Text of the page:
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Story Behind the Story #61: Sophia’s War

  1. Sophia's WarI was raised in Brooklyn Heights, the site of the biggest battle of the American Revolution. It was that battle, which brought the English to Manhattan, which they occupied for the rest of the war.
  1. The place where I lived was also not far from the Brooklyn bay where the British had prisoner ships. Fifty thousand Americans died on those ships. The beach was littered with human bones.
  1. Knowing the above led me to a youthful interest in the American Revolution.
  1. Rabble in Arms, Kenneth RobertsOne of the ways I learned about the Revolution was reading historical novels. Kenneth Roberts was a popular novelist in the forties, and wrote about those times. But, he was very much pro-British. One of the books he wrote was Rabble in Arms, which in large part was about Benedict Arnold, prior to his acts of treason. But, being a contrary teen-ager, I liked the notion that Arnold was not really so bad.  I developed an interest in him, and of course, learned much more about him.
  1. Many years later, I had begun an historical novel series. The guiding notion was I would tell a very realistic historical tale, but insert a fictional youth, as the protagonist.  Thus Iron Thunder and Hard Gold were written.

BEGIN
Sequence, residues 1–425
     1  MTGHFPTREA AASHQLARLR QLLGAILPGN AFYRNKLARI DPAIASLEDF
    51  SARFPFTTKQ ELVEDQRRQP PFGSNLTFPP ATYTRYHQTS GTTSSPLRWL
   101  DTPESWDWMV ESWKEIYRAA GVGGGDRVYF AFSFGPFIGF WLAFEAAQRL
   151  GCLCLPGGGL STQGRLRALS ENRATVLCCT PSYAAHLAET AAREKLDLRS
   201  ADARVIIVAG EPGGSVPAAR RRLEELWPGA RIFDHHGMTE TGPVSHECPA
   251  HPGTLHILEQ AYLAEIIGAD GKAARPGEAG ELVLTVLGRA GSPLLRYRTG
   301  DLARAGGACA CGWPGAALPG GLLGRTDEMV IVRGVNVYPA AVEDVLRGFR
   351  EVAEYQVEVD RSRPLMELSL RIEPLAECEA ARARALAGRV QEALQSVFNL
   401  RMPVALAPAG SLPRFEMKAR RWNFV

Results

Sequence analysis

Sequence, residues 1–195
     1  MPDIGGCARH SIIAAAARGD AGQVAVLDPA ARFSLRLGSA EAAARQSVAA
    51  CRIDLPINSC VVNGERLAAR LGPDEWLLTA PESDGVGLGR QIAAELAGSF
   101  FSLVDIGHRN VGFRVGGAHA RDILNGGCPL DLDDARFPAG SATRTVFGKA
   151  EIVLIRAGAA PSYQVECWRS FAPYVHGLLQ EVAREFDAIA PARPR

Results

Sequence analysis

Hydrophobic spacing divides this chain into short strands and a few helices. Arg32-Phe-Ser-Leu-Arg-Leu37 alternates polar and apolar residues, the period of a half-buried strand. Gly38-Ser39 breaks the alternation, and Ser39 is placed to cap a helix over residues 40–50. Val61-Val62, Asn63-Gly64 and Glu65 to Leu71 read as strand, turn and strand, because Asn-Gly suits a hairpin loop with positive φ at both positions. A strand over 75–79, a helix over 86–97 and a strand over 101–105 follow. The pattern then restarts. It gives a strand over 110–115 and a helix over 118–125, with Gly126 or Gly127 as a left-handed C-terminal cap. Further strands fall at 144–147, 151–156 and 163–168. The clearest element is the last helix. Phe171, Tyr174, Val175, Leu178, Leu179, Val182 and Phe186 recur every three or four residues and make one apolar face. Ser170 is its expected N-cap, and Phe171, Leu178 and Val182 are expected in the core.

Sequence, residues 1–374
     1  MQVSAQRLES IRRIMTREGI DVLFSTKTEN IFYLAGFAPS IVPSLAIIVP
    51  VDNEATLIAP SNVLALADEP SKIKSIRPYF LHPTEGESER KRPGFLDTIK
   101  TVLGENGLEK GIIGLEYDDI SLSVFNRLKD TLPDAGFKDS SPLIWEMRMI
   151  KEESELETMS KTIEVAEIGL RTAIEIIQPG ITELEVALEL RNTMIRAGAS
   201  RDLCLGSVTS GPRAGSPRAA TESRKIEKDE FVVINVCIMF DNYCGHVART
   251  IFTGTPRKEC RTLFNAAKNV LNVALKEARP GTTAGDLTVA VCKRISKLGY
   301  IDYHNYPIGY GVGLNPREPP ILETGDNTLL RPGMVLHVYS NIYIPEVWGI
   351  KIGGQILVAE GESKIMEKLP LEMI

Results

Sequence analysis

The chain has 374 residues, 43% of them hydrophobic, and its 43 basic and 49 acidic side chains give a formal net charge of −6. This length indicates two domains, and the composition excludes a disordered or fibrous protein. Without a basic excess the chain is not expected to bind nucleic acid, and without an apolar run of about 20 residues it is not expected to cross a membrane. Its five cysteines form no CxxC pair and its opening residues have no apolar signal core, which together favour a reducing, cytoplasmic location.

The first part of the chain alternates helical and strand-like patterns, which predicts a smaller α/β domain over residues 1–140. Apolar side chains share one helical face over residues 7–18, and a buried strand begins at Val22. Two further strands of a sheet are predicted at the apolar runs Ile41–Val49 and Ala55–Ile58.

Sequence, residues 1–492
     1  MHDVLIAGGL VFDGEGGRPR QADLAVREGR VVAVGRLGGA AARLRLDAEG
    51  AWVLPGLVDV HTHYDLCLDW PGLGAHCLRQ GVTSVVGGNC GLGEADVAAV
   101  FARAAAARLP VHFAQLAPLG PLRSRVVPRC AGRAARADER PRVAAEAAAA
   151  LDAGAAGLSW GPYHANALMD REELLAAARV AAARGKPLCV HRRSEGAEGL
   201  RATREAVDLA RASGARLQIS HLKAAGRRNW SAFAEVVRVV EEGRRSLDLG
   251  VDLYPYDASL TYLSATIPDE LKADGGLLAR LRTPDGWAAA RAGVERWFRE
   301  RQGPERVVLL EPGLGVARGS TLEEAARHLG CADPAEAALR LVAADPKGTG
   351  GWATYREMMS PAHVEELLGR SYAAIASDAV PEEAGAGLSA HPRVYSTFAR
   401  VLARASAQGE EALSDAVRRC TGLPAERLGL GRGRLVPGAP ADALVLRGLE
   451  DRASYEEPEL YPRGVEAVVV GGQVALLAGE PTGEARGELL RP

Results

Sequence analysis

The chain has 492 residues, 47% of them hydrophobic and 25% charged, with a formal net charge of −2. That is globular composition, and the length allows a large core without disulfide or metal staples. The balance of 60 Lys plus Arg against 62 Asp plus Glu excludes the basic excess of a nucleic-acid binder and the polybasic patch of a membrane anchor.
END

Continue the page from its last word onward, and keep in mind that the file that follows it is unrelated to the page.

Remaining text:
1. The third in the series was to be about the prisons, prisoners, and spies in NYC during the revolution. It would have a girl protagonist. That was the genesis of Sophia’s War, and all of the above played into it.
The Battle of Brooklyn Heights, August 27, 1776
The Battle of Brooklyn Heights, August 27, 1776
  1. But by the time I got around to writing it the publisher of the first books in the series, did not want to carry on. I wrote it anyway, but without the illustrations that the first two books contained. It was published by a different publisher, as a stand-alone.
The marker in Brooklyn Heights, memorializing the largest battle in the Revolutionary War.
  1. At some point I went to the spot where, in the book, Sophia’s family’s 18th century home would have stood in Manhattan. Needless to say, nothing of the 18th century was left, save the paths of the old crooked streets. And where Sophia’s home would have been stood a Trump Tower.
  1. Then there was a revolution.

1 thought on “Story Behind the Story #61: Sophia’s War”

  1. I love Sophia’s War. Excellent book and I will now have to read the first two. More kids should be reading these books.

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